Dogs have 39 pairs of chromosomes, for a total of 78. This works out to 76 autosomes and two sex chromosomes. As with other mammals, the karyotype of male dogs is XY whereas females' karyotype is XX.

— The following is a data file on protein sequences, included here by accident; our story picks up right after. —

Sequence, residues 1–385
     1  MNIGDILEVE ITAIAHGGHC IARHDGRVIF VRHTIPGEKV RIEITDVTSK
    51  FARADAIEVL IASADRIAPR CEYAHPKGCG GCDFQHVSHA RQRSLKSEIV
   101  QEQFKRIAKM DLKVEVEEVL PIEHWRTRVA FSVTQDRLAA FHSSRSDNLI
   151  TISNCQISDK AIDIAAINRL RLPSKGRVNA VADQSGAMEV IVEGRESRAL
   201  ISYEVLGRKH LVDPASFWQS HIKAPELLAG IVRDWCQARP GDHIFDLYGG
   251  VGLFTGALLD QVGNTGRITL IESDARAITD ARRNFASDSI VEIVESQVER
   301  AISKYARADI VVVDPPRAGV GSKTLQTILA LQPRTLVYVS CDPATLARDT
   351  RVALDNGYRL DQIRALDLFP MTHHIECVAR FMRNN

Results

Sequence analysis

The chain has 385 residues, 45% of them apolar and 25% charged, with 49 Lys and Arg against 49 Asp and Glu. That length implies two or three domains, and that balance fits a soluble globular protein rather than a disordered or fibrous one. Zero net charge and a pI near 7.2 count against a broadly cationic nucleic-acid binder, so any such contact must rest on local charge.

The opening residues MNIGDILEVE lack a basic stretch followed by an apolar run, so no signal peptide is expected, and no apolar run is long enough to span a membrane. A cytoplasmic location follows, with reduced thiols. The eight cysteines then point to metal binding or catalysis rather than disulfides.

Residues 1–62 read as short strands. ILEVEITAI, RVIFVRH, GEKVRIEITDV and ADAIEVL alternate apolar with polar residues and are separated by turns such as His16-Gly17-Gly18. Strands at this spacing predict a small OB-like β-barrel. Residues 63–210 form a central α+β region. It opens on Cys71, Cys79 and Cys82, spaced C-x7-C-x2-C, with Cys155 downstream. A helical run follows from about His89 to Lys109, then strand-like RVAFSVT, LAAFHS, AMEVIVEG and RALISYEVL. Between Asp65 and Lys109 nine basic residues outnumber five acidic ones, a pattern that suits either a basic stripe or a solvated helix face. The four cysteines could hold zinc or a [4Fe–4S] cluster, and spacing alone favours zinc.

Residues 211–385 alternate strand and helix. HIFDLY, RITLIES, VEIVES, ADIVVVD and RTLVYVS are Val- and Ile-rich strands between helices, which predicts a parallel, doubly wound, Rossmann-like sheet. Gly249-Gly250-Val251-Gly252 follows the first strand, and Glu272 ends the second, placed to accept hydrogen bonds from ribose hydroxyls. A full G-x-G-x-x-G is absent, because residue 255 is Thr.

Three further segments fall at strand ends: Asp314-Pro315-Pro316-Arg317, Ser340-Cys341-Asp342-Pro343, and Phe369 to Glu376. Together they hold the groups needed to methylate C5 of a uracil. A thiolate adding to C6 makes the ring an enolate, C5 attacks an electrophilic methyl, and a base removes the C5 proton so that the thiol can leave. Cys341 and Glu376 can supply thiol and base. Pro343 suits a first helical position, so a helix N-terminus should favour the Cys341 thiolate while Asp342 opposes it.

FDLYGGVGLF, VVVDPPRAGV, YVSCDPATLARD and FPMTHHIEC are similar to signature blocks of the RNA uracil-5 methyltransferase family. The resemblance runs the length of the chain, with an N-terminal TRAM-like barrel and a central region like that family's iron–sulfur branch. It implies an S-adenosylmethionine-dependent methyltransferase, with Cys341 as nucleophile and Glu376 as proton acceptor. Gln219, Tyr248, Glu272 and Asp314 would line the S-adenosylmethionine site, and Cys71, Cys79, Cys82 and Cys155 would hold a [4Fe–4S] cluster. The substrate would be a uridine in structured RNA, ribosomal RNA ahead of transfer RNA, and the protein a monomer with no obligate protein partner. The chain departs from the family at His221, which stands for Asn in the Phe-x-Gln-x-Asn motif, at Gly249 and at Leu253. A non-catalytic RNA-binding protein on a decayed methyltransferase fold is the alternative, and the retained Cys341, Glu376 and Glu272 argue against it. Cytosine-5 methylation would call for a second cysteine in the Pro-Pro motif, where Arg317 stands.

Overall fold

Although dogs have 39 pairs of chromosomes (compared to 23 pairs for humans), dogs have fewer genes overall. Researchers sequencing the canine genome have identified around 19,000 dog genes compared to the 25,000 or more genes in the human genome. Despite having 6,000 fewer genes than humans, dogs exhibit a diverse range of phenotypes, from animals as large as a Great Dane or St. Bernard to toy dogs weighing no more than a few pounds. Geneticists think the canine genome may be especially prone to gene duplications and chromosomal rearrangements compared to the genomes of humans and other mammals.